Sixty-three strains of Corynebacterium acnes (C acnes) were incubated individually in vitro with three representative triglycerides. Consistent differences were found in their ability to hydrolyze these triglycerides. Seventy-five percent of strains of C acnes isolated from patients with acne vulgaris split C12 triglyceride (trilaurin), 56% hydrolyzed C16 triglyceride (tripalmitin), and 88% cleaved C18:1 triglyceride (triolein). In comparison, 42% of isolates of C acnes from patients without acne vulgaris hydrolyzed C12 triglyceride (trilaurin), 17% of C acnes strains split C16 triglyceride (tripalmitin), and 58% split C18:1 triglyceride (triolein). The differences were significant to the 2% confidence level.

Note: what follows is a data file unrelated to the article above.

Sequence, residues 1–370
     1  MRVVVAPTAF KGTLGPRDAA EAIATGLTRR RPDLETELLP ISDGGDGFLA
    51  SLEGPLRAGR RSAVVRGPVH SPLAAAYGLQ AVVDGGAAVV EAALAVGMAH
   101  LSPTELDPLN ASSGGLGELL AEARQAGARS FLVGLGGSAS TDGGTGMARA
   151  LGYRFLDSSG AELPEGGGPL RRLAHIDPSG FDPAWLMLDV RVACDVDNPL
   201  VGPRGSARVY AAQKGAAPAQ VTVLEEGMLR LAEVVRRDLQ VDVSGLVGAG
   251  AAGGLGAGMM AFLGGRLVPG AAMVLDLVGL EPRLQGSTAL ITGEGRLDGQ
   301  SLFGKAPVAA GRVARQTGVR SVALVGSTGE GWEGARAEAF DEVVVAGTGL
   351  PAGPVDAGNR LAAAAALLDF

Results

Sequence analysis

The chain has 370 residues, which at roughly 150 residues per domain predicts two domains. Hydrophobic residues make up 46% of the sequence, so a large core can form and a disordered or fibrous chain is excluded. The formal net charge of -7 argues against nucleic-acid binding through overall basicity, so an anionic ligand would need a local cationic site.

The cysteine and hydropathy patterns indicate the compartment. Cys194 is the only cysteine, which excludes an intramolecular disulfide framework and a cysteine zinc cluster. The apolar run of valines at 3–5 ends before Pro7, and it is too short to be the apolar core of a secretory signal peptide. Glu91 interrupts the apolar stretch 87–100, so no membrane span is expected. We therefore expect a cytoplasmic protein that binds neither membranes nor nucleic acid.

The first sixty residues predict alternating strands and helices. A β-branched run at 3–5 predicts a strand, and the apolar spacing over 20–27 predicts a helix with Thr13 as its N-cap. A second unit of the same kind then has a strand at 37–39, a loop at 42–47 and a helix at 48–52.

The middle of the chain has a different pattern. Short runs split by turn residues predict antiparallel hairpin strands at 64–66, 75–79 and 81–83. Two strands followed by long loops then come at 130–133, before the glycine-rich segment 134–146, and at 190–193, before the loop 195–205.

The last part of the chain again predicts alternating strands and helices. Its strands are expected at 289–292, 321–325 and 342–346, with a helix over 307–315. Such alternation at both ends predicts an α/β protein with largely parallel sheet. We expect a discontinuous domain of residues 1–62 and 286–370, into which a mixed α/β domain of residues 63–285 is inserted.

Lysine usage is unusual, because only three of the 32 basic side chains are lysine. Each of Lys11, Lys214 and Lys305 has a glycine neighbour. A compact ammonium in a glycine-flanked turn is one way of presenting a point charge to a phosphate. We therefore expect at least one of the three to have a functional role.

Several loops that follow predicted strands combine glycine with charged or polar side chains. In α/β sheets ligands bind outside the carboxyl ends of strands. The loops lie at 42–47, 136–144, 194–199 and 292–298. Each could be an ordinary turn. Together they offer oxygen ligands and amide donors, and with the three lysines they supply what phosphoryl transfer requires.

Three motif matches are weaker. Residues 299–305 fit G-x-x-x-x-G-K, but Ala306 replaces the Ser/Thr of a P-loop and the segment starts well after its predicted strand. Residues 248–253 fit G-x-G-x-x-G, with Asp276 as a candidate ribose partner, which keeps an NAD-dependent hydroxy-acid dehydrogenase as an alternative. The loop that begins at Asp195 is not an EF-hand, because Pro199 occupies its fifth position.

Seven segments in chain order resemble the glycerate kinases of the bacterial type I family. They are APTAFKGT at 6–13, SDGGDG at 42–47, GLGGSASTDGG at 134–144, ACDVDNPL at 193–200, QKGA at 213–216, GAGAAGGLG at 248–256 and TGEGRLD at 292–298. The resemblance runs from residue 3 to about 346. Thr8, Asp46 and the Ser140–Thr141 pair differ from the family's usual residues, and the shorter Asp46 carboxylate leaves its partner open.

The results suggest that distinctive strains of C acnes inhabit the sebaceous follicles of the Tetracycline hydrochloride (10μg/ml and 30μg/ ml) blocked the in vitro hydrolyzing activity of six strains of C acnes known to possess such splitting abilities.
Kellum RE, Strangfeld K, Ray LF. Acne VulgarisStudies in Pathogenesis: Triglyceride Hydrolysis by Corynebacterium acnes in Vitro. Arch Dermatol. 1970;101(1):41-47. doi:10.1001/archderm.1970.04000010043006